|Who owns computer languages? firstname.lastname@example.org (Todd Evans) (1997-11-07)|
|Re: Who owns computer languages? email@example.com.OZ.AU (1997-11-09)|
|Re: Who owns computer languages? firstname.lastname@example.org (1997-11-09)|
|Re: Who owns computer languages? email@example.com (Gregory Bond) (1997-11-11)|
|Re: Who owns computer languages? firstname.lastname@example.org (1997-11-11)|
|Re: Who owns computer languages? email@example.com (1997-11-29)|
|Re: Who owns computer languages? firstname.lastname@example.org.OZ.AU (Fergus Henderson) (1998-01-18)|
|From:||email@example.com.OZ.AU (Fergus Henderson)|
|Date:||9 Nov 1997 12:00:15 -0500|
|Organization:||Comp Sci, University of Melbourne|
Todd Evans <firstname.lastname@example.org> writes:
>Recently I was reading a thread regarding the "ownership" of computer
>languages. The participants never really resolved the issue.
>This reason I ask is that our company would like to build a compiler
>and runtime that recognizes the syntax of a script language of a
>outside vendor's product.
>Our company lawyer is concerned that we might be infringing on the
>vendor's intellectual rights.
There are three things involved here:
The other vendor will probably have trademarked the name of their
language, so you will have to use a different name for your version.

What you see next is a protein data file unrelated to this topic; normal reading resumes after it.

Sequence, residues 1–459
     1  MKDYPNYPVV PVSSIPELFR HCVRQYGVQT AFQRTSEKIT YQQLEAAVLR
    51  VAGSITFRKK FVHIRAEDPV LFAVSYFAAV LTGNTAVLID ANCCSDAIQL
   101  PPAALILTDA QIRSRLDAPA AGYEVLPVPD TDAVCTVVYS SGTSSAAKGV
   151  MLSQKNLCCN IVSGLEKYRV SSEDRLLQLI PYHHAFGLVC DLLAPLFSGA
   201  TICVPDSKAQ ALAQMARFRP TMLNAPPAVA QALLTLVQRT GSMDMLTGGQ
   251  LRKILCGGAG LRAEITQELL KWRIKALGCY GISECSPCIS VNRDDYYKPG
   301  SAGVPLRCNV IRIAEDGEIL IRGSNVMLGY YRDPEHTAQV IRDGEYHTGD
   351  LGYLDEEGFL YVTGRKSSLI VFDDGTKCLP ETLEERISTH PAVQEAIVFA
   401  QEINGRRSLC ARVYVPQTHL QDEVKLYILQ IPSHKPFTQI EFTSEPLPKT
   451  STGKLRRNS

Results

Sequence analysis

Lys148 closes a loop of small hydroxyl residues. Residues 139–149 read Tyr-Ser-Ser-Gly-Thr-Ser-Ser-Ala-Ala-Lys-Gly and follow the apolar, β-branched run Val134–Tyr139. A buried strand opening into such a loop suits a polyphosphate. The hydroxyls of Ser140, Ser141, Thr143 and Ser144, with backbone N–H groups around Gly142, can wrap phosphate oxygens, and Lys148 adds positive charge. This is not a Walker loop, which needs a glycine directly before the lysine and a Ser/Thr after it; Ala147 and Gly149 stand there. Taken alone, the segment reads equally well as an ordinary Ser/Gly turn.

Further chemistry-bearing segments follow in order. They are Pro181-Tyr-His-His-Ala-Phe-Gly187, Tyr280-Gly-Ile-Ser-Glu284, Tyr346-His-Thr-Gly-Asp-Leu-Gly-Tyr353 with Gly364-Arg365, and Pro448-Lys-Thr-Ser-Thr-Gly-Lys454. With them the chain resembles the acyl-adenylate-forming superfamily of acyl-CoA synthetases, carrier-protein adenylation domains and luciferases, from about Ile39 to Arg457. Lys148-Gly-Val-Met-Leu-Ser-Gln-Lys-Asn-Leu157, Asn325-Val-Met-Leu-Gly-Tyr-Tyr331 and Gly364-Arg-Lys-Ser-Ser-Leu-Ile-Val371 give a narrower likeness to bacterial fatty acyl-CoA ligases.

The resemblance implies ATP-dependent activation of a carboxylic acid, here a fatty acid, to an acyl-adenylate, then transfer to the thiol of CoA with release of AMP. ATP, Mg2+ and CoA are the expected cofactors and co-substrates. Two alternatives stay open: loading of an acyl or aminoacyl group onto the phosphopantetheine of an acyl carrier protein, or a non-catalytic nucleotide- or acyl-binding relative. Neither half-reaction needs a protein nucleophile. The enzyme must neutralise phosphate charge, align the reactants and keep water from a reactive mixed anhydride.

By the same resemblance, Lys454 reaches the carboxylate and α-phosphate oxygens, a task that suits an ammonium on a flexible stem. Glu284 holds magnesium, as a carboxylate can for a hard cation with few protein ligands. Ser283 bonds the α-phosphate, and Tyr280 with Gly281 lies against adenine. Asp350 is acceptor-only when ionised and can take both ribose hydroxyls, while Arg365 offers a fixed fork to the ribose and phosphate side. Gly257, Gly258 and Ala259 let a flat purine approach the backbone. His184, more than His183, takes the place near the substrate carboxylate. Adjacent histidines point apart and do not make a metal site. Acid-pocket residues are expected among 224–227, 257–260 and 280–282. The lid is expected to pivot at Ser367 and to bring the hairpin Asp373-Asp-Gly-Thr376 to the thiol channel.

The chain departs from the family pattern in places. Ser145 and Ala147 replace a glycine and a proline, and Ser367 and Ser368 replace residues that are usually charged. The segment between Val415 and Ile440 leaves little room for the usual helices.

It is unlikely that the vendor will have any relevant patents, but it
is possible (for example, I believe that Microsoft have a patent on a
certain method for implementing virtual functions in languages such as
C++), so it may be worth checking this.
The vendor will have copyright protection for their implementation,
but if you're writing your own implementation from scratch, that won't
be a problem.
The vendor will also have copyright protection for their language
reference manual. The worry is that they might try to argue that your
implementation or your reference manual is a "derivative work" of
their language reference manual. I think it is very unlikely that
they could successfully argue that an implementation was legally a
derivative work of their reference manual, but you would need to be
very careful when writing your own reference manual.
One example of language ownership is the language Miranda [TM], which
is a trademark of (I believe) Research Software Pty Ltd. From what I
have heard, Research Software, who developed the language, were very
keen on ensuring that they retained ownership of the language; to that
end they were quite vigorous in defending their trademark by
threatening legal action. Nevertheless, they could not, or at least
did not, prevent someone from writing (and freely distributing) an
implementation of an almost identical language called "Miracula".
(ObDisclaimer: I am not a lawyer, this is not legal advice, yadda yadda
Fergus Henderson <email@example.com>
PGP: finger firstname.lastname@example.org
[That certainly agrees with my understanding of U.S. intellectual
property law. -John]
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